Good Omens by Terry Pratchett and Neil Gaiman
God does not play dice with the universe; He plays an ineffable game of His own devising, which might be compared, from the perspective of any of the other players [i.e. everybody], to being involved in an obscure and complex variant of poker in a pitch-dark room, with blank cards, for infinite stakes, with a Dealer who won’t tell you the rules, and who smiles all the time.
– Terry Pratchett
I bought this book to have something to read on our trip to Japan, as I had always heard good things about it. It is the first book I’ve read from either Gaiman or Pratchett. I knew I was in for something quite British in nature, but even I was surprised by how silly and funny this book was.
The book begins with Crowley, a demon who was the snake in the garden of Eden, talking to Aziraphale, the angel on the east gate, about the original sin. Crowley and Aziraphale are representatives of Hell and Heaven on earth, respectively, and they live there for thousands of years. When it is time for the Antichrist, a young boy who grows up in a normal English family, to start the apocalypse, Crowly and Aziraphale decide that they quite like earth and it would be a shame to break the whole thing up. With the four horsemen of the apocalypse, witchfinders, witches, a healthy dose of prophecy, and plenty of sarcasm and dry English humour, Good Omens is a fun novel about the end of the world. It also had biblical references galore, which I always enjoy.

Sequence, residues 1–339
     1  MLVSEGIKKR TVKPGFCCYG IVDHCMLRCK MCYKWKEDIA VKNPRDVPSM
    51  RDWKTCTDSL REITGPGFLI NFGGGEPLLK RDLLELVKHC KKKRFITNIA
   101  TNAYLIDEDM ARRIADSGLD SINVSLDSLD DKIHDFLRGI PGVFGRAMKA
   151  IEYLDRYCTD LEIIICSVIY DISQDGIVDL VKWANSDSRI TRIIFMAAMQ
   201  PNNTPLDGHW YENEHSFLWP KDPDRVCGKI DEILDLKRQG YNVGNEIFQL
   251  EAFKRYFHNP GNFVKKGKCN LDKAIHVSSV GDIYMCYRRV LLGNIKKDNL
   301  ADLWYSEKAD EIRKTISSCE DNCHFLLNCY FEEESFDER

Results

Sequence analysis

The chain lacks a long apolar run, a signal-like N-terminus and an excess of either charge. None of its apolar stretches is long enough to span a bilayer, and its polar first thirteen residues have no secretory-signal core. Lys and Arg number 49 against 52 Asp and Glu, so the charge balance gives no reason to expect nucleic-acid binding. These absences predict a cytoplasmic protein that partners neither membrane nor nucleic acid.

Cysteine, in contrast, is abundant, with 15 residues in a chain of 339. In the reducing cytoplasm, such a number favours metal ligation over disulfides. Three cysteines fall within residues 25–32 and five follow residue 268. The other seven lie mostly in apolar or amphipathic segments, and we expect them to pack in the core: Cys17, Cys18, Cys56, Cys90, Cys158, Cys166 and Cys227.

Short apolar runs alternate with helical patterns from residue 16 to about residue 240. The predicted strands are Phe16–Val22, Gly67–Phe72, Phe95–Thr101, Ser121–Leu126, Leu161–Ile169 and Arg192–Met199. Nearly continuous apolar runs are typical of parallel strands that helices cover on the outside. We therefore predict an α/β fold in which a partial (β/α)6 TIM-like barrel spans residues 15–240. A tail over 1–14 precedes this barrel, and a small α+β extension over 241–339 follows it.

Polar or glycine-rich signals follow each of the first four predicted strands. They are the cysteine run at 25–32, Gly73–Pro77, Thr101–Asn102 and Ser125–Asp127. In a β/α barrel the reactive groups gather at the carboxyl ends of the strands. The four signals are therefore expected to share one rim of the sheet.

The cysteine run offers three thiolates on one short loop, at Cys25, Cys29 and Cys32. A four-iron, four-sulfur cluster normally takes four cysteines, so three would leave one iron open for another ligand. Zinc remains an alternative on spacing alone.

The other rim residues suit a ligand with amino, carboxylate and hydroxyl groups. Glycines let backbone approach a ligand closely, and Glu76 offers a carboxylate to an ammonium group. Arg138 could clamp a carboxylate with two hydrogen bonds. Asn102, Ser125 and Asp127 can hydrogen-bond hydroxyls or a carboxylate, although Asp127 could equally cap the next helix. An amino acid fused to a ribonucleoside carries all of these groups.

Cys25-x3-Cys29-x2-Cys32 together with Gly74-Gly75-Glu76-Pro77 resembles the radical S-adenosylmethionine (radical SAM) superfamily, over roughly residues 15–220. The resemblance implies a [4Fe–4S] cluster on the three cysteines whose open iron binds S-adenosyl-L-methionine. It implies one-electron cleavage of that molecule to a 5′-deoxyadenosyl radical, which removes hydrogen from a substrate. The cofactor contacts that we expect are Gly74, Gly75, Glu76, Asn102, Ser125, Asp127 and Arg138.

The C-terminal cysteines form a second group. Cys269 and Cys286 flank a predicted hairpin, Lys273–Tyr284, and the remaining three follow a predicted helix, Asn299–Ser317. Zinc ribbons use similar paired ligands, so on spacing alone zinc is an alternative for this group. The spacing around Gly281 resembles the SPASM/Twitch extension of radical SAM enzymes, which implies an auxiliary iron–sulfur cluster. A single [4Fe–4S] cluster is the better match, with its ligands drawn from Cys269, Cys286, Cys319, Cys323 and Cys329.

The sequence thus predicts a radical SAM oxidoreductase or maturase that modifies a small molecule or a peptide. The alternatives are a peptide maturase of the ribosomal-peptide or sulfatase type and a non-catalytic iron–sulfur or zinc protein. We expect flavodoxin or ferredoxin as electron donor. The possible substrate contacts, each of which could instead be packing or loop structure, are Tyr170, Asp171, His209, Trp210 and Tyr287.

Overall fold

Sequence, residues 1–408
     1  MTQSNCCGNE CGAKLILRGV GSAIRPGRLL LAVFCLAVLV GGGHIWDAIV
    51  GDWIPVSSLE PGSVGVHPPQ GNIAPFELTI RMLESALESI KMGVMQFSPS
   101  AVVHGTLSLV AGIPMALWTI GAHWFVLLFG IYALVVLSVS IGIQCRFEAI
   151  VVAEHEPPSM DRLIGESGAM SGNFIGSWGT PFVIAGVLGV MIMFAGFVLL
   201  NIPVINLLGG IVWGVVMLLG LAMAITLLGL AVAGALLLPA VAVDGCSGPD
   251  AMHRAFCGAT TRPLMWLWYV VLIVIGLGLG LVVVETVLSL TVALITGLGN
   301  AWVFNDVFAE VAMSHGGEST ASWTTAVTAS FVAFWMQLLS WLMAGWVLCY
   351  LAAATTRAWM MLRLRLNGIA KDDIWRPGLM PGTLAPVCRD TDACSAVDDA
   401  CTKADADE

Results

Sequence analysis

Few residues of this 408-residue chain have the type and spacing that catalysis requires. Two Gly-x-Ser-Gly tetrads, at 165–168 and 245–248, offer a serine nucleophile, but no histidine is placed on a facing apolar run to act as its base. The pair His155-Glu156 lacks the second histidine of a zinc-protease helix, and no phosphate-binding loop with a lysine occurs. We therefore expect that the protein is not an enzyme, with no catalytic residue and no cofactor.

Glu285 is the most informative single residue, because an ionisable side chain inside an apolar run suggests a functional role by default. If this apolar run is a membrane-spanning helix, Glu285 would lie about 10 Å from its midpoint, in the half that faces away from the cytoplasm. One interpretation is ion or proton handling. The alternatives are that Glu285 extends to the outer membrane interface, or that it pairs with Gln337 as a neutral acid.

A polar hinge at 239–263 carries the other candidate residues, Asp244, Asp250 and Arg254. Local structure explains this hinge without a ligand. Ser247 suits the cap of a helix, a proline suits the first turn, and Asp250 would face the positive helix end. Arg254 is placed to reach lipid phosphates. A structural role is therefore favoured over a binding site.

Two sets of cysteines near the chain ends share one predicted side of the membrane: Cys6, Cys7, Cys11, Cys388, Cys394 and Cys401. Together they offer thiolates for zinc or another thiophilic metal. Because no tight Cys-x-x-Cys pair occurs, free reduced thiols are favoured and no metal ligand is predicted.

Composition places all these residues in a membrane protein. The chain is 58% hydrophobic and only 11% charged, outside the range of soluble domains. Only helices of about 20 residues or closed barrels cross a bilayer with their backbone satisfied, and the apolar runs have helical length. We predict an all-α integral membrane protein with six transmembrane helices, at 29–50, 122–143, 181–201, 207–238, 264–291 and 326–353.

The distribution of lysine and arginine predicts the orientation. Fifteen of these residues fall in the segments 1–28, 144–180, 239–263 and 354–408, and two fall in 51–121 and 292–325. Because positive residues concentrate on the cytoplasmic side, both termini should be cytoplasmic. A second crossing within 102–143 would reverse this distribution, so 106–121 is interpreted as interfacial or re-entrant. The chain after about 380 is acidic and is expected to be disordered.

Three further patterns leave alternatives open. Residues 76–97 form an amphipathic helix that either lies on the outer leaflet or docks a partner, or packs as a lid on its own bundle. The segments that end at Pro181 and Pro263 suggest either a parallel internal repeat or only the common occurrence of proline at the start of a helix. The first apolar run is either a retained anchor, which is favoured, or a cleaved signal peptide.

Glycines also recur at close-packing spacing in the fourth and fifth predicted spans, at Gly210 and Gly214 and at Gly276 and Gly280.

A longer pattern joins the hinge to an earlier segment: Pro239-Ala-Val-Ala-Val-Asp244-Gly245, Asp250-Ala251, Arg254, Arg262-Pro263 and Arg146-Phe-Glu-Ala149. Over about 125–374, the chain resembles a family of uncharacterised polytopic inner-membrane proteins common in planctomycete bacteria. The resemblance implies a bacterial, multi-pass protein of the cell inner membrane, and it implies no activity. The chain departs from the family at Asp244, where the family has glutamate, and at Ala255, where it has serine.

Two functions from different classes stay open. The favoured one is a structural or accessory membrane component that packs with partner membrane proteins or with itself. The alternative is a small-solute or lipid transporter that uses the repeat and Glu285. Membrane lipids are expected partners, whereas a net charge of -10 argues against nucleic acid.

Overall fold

DON’T THINK OF IT AS DYING, said Death. JUST THINK OF IT AS LEAVING EARLY TO AVOID THE RUSH
I will definitely be reading some more Pratchett and Gaiman in future after Good Omens.